Black Belt|December/January 2020
In hand-to-hand combat, you face a constant and undeniable danger. Among other injuries, you can sustain broken bones, torn cartilage and ruptured organs. You also can be knocked unconscious or killed.
Over the millennia, various cultures have developed their own techniques and strategies for dealing with such threats. One of the most pervasive is punching. That’s the case because in most unarmed encounters, a properly thrown punch is the most efficient and effective tool a martial artist can use.
While engaged in battle, your objective is to remove the threat as quickly as possible. No responsible martial artist would suggest that killing an attacker is the optimal solution, but people do get killed in street fights, and if your life is on the line, dispatching a violent criminal may be the best option for threat elimination.
The second best option is rendering the assailant unconscious. The third best is immobilization (broken leg, shattered kneecap, etc.). The fourth best is dishing out so much hurt that the person retreats. The fifth best is temporary immobilization, which affords you sufficient time to escape.
Before you select any of these options for use in a self-defense situation, however, you must consider the three criteria of efficiency: the time it will take to administer the technique to full effect, the energy you will expend doing so and the situation you’ll be left in should the technique fail.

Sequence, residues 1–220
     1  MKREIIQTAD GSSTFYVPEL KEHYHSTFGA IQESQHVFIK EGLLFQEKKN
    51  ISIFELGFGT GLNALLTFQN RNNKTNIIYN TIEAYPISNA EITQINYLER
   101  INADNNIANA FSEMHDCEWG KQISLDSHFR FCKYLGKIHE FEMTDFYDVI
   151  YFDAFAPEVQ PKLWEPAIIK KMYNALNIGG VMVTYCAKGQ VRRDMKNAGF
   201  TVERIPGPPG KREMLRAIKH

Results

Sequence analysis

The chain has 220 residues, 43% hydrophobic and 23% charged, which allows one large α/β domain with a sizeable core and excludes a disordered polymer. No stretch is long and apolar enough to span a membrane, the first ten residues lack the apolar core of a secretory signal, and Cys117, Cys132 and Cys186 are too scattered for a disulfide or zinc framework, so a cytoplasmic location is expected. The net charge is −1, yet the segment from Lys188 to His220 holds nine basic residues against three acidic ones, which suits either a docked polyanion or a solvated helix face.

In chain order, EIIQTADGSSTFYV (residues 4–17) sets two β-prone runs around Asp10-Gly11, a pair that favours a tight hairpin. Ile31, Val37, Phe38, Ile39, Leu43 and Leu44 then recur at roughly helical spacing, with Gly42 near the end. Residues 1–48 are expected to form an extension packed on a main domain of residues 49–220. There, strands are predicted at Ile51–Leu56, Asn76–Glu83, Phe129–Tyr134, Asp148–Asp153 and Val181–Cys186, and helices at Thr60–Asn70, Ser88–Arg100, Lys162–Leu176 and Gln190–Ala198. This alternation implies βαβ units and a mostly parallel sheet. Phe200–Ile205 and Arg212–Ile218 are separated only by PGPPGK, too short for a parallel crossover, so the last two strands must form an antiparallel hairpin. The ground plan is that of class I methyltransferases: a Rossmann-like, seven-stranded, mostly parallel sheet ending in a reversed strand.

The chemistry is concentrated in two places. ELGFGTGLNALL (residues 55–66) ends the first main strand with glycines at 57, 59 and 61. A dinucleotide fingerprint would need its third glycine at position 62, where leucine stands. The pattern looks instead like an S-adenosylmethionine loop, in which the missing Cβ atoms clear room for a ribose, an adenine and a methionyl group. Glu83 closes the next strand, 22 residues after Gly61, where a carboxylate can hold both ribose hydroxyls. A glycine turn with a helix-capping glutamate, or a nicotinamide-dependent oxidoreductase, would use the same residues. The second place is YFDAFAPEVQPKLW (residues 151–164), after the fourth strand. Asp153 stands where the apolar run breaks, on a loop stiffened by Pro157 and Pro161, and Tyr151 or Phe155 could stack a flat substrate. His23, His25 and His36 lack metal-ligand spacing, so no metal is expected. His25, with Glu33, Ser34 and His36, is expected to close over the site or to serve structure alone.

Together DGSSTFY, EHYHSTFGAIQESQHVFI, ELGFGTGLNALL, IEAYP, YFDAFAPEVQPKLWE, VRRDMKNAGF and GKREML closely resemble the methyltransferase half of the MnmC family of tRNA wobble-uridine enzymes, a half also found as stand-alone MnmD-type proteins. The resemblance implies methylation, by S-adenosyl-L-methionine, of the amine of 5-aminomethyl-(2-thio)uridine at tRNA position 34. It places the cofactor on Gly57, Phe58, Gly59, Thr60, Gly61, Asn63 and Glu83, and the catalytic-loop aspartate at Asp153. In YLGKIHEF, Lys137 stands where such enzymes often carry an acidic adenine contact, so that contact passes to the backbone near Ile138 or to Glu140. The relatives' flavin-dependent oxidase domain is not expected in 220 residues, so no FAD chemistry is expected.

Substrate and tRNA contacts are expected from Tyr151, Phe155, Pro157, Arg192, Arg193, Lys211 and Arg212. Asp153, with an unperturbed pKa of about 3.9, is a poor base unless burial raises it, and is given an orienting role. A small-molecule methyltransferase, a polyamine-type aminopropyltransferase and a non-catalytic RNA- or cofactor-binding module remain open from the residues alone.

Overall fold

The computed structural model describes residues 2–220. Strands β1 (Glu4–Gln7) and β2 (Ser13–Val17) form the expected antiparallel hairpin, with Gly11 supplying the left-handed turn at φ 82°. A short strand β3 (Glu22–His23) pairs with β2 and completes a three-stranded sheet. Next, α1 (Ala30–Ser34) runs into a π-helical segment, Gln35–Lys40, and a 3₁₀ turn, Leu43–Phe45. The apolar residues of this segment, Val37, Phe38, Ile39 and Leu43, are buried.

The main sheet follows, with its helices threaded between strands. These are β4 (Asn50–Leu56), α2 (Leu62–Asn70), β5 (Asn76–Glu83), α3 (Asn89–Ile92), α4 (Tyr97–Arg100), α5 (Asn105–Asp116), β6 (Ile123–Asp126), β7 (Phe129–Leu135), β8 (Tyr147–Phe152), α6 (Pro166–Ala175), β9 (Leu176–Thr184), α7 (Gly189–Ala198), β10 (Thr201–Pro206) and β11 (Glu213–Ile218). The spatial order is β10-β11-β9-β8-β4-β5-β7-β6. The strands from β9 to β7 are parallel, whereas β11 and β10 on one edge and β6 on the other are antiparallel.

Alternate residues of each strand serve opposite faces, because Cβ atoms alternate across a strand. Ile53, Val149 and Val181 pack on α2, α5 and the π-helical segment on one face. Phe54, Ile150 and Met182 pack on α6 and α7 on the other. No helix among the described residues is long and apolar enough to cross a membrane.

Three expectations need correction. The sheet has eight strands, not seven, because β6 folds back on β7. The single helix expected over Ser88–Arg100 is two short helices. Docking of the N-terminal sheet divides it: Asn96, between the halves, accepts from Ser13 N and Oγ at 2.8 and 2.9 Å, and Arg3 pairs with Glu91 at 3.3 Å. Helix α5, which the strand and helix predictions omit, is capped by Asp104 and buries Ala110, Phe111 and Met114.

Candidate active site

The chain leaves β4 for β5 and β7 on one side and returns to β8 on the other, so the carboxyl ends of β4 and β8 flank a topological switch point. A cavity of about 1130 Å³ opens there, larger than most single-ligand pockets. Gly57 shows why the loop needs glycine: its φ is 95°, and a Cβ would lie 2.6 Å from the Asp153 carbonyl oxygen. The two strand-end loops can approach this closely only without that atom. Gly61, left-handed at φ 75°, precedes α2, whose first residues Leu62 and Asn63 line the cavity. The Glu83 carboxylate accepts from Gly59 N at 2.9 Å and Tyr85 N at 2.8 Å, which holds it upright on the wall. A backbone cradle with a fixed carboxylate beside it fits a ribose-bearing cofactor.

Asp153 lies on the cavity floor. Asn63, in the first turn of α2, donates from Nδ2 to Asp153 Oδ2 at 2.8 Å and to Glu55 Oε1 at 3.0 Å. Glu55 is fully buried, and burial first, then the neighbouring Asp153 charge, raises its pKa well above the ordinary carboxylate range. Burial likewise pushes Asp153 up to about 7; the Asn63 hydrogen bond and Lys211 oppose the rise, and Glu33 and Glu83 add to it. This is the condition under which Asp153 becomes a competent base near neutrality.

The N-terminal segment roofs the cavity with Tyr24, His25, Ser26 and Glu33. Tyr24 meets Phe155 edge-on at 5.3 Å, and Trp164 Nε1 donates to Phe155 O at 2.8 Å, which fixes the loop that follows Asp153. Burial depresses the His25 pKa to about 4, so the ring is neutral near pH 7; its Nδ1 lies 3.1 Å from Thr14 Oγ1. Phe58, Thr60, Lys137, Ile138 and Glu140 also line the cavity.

I call that third criterion the defaulting scenario because it’s the position you end up in if your technique doesn’t function as intended. This is very important, but it’s often overlooked because people tend to focus on how well their move will work in a fight. This fails to take into account three possible outcomes: Your opponent dodges your strike, he blocks your strike, or he weathers the technique and the two of you become entangled.
I mention all these possibilities because I’m about to argue that a punch is often the best way to effect any of the five options for threat removal. Furthermore, if your punch fails, you’ll be left in better hands, pun intended, than you would if you had tried one of the other techniques discussed here. Those other techniques, which were chosen for the sake of comparison, are quite common in the martial arts: kicking, choking and eye-gouging.
Before I begin, it must be acknowledged that proper punching is not as natural as some martial artists think. Developing a good fist strike requires a fair amount of technical instruction and physical training. But once you invest the time needed to ingrain the correct mechanics and condition your fists and shoulders, you’ll have a punch that flies fast, hits hard and leaves you relatively safe in the event of a shortfall. Such a blow, delivered to the jaw, the temple or the occipital region of an opponent’s skull, can do serious damage, including a knockout that instantly eliminates the threat.
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